The Australian antitrust regulator on Thursday began an inquiry into the local units of Amazon.com Inc, eBay Inc and other online markets to ensure fairness in a sector where sales have soared through the coronavirus pandemic.
The Australian Competition and Consumer Commission (ACCC), which previously slapped the world’s toughest content licensing rules on Facebook Inc and Alphabet Inc’s Google, said it was now looking at retail as part of a wider examination of so-called Big Tech.
“Online marketplaces are an important and growing segment of the economy so it is important that we understand how online marketplaces operate and whether they are working effectively for consumers and businesses,” ACCC Chair Rod Sims said in a statement.
“We want to be sure that the rules that apply to traditional retail are also complied with in the online context.”
The ACCC would take submissions until mid-August with a final report due in March 2022, the regulator said.
An Amazon spokesperson said the company looked “forward to engaging with the ACCC on these important topics in the coming months,” while an eBay representative was not immediately available for comment.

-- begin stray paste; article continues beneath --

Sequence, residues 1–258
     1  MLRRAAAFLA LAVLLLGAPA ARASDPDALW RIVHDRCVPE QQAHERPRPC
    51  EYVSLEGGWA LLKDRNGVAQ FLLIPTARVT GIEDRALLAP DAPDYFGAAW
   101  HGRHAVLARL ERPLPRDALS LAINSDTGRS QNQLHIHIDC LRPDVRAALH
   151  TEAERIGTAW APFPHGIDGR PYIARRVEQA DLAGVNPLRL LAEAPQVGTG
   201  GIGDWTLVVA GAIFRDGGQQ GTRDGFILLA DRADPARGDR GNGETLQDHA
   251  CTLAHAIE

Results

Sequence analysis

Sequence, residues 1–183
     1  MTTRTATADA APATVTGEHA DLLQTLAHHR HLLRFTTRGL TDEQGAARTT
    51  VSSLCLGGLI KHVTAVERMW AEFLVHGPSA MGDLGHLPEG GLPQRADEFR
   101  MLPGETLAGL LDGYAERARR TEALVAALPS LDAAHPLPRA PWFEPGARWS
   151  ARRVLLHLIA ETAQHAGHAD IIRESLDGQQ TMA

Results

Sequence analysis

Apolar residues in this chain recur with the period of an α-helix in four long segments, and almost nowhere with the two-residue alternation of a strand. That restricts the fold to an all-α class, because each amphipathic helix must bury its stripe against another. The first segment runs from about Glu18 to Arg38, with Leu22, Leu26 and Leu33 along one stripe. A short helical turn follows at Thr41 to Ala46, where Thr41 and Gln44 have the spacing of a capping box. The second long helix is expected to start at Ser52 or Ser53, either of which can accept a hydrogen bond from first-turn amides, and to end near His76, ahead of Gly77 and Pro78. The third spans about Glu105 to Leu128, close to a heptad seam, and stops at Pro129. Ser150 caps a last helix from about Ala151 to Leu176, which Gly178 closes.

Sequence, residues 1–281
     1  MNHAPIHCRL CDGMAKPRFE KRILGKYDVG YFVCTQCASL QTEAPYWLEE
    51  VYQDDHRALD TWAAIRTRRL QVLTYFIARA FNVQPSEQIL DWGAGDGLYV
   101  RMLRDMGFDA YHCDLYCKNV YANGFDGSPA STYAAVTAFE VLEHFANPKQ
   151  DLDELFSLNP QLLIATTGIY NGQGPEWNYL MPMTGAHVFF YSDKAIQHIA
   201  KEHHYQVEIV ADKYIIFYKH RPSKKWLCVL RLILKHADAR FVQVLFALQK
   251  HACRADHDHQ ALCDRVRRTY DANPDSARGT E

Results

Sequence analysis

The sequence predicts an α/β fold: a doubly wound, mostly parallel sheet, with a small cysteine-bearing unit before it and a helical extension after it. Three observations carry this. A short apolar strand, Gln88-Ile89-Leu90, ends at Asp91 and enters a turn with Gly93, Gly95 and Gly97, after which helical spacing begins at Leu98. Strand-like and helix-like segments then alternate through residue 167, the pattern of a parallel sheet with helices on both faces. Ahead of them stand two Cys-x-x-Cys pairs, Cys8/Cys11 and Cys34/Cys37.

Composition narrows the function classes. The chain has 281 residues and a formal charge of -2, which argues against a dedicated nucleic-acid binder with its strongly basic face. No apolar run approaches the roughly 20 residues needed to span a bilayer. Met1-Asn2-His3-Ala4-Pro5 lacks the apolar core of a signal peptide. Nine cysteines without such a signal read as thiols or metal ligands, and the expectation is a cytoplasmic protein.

The Australian regulator said it would examine the relationships between large online markets and third-party sellers and shoppers, including competition impacts and handling of data, complaints and reviews.
Amazon has not reached the market dominance in Australia since launching in 2017 that it experiences elsewhere, but still doubled sales in calendar 2020, the ACCC said.
Overall, Australian online purchases jumped 57 percent in 2020 for a record $50.5 billion spend amid a series of coronavirus lockdowns, it added.
The ACCC said it had received wide-ranging complaints, including the “quality of goods sold on marketplaces, the timeliness of payment remittance to sellers, how goods are put on display on marketplaces, and the level of support provided by marketplaces to consumers when disputes arise.”
The ACCC has been conducting a series of investigations in recent months as part of a broader Digital Platform Services Inquiry.
Reporting by Byron Kaye; editing by Jane Wardell and Michael Perry
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